- Indian Affairs (Chairman: Burton K. Wheeler; Ranking Member: Lynn J. Frazier)
- Interoceanic Canals (Chairman: Thomas P. Gore; Ranking Member: Thomas D. Schall)
- Interstate Commerce (Chairman: Clarence C. Dill; Ranking Member: James Couzens)
- Irrigation and Reclamation (Chairman: Alva B. Adams; Ranking Member: Charles L. McNary)
- Judiciary (Chairman: Henry F. Ashurst; Ranking Member: William E. Borah)
- Library (Chairman: Alben W. Barkley; Ranking Member: Simeon D. Fess)
- Manufactures (Chairman: Robert J. Bulkley; Ranking Member: Charles L. McNary)
- Military Affairs (Chairman: Morris Sheppard; Ranking Member: David A. Reed)
- Mines and Mining (Chairman: M.M. Logan; Ranking Member: Arthur B. Robinson)
- Mississippi Flood Control Project (Select) (Chairman: Robert F. Wagner)
- Munitions Industry (Select) (Chairman: Gerald P. Nye)
- Naval Affairs (Chairman: Park Trammell; Ranking Member: Frederick Hale)
- Patents (Chairman: William G. McAdoo; Ranking Member: George W. Norris)
- Pensions (Chairman: George McGill; Ranking Member: Thomas D. Schall)
- Philippines Economic Condition (Special)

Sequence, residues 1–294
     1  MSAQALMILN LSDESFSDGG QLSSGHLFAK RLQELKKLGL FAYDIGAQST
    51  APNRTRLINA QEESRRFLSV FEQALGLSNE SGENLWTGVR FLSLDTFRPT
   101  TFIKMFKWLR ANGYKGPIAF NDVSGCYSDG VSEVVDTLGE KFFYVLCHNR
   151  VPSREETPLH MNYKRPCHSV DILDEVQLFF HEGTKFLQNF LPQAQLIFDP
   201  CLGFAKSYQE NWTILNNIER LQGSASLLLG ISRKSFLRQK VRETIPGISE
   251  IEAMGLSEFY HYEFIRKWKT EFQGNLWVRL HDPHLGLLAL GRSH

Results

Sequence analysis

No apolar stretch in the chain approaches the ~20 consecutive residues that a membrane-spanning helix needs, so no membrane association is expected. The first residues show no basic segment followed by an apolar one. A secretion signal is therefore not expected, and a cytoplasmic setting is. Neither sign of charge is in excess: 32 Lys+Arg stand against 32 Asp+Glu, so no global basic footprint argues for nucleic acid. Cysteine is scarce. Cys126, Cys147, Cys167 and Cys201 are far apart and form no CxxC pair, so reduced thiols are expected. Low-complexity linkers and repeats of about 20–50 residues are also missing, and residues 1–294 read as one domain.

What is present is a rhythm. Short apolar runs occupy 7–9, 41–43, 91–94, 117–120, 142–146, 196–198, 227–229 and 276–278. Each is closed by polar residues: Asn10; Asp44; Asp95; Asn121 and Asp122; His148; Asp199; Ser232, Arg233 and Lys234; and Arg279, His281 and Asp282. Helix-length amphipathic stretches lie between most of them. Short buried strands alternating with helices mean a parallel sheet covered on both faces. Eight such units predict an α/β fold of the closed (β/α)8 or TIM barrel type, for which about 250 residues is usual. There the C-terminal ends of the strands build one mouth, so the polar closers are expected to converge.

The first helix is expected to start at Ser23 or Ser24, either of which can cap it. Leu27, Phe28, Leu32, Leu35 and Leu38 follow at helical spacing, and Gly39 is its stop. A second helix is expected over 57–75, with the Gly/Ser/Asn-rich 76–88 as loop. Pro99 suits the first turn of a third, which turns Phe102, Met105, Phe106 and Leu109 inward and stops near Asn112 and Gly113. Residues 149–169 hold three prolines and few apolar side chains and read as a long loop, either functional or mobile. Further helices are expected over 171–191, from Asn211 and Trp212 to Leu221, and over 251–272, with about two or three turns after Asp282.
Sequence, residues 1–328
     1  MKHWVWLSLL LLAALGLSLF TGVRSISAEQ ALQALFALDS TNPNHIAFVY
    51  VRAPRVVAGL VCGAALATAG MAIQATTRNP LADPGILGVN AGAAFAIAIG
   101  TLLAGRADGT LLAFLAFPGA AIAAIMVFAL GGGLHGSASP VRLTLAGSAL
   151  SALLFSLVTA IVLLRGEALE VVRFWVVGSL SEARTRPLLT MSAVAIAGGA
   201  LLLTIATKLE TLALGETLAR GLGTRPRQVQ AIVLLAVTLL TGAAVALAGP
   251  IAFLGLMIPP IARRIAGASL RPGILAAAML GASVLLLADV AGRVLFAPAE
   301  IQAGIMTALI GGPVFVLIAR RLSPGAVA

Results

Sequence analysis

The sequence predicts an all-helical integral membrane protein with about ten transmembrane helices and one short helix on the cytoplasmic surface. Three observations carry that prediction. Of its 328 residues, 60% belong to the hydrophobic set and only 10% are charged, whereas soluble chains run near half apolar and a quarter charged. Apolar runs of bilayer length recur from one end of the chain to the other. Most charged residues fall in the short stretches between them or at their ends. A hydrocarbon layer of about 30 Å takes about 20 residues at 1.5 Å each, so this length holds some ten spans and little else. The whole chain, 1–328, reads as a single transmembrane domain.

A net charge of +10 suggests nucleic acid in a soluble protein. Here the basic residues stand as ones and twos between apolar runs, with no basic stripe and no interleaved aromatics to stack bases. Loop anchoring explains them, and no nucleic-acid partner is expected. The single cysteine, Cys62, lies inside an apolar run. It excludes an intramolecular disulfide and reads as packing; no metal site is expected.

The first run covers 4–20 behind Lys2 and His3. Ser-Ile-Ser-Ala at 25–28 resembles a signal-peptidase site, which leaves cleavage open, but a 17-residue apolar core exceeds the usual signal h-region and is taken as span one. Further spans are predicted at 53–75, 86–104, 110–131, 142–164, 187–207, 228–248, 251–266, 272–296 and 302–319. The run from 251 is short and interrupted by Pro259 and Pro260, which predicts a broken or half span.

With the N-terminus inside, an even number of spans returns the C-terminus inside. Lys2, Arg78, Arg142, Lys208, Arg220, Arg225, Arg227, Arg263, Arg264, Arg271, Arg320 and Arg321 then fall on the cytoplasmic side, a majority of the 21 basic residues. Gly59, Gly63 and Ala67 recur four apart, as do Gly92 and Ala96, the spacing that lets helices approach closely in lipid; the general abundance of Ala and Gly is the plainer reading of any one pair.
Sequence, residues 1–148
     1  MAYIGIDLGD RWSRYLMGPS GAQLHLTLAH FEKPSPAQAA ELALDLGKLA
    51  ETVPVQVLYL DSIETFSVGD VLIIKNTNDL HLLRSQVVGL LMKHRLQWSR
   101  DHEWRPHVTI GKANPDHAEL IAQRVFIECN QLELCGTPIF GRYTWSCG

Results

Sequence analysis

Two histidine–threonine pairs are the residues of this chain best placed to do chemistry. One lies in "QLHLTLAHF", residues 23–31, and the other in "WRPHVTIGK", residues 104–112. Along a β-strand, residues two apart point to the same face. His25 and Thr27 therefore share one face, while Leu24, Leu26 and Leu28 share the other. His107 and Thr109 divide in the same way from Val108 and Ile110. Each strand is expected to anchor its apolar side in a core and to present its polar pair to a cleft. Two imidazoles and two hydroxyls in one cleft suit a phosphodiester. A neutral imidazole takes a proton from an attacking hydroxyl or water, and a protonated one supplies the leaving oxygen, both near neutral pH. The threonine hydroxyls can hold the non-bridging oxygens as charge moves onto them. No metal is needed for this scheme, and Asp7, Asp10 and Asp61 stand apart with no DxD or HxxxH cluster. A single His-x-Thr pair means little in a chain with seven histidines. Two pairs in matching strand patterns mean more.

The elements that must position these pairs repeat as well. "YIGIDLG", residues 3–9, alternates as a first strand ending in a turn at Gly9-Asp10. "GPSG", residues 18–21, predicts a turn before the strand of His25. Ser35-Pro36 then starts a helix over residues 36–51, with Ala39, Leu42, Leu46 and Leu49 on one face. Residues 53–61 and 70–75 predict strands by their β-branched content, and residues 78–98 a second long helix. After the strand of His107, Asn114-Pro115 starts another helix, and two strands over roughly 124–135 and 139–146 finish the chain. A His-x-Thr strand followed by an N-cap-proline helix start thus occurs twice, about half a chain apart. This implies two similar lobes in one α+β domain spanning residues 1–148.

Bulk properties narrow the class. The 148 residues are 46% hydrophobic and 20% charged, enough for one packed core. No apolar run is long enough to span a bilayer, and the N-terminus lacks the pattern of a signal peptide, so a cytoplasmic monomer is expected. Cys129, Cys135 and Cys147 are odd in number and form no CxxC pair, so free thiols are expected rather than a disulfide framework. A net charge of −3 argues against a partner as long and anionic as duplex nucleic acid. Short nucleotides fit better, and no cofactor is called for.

- Post Office and Post Roads (Chairman: Kenneth McKellar; Ranking Member: Porter H. Dale)
- Presidential and Senatorial Campaign Expenditures (Special) (Chairman: Tom Connally)
- Printing (Chairman: Carl Hayden; Ranking Member: Arthur H. Vandenberg)
- Privileges and Elections (Chairman: Walter F. George; Ranking Member: Daniel O. Hastings)
- Public Buildings and Grounds (Chairman: Tom Connally; Ranking Member: Henry W. Keyes)
- Public Lands and Surveys (Chairman: Robert F. Wagner; Ranking Member: Peter Norbeck)
- Rules (Chairman: Royal S. Copeland; Ranking Member: Frederick Hale)
- Territories and Insular Affairs (Chairman: Millard E. Tydings; Ranking Member: Hiram W. Johnson)
- Wildlife Resources (Special) (Chairman: Frederic C. Walcott)
House of Representatives
- Accounts (Chairman: Lindsay C. Warren; Ranking Member: James Wolfenden)
- Agriculture (Chairman: J. Marvin Jones; Ranking Member: John D. Clarke)
- Appropriations (Chairman: James P. Buchanan; Ranking Member: John Taber)
- Banking and Currency (Chairman: Henry B. Steagall; Ranking Member: Robert Luce)
- Census (Chairman: Ralph F. Lozier; Ranking Member: J. Roland Kinzer)
- Civil Service (Chairman: Lamar Jeffers; Ranking Member: Frederick R. Lehlbach)
- Claims (Chairman: Loring M. Black, Jr.; Ranking Member: Ulysses S. Guyer)
- Coinage, Weights and Measures (Chairman: Andrew L. Somers; Ranking Member: Randolph Perkins)
- Conservation of Wildlife Resources (Select) (Chairman: A. Willis Robertson)
- Disposition of Executive Papers (Chairman: Robert A. Green; Ranking Member: N/A)
- District of Columbia (Chairman: Mary T. Norton; Ranking Member: Gale Stalker)
- Education (Chairman: John J. Douglass; Ranking Member: James L. Whitley)
- Election of the President, Vice President and Representatives in Congress (Chairman: Patrick J. Carley; Ranking Member: Charles L. Gifford)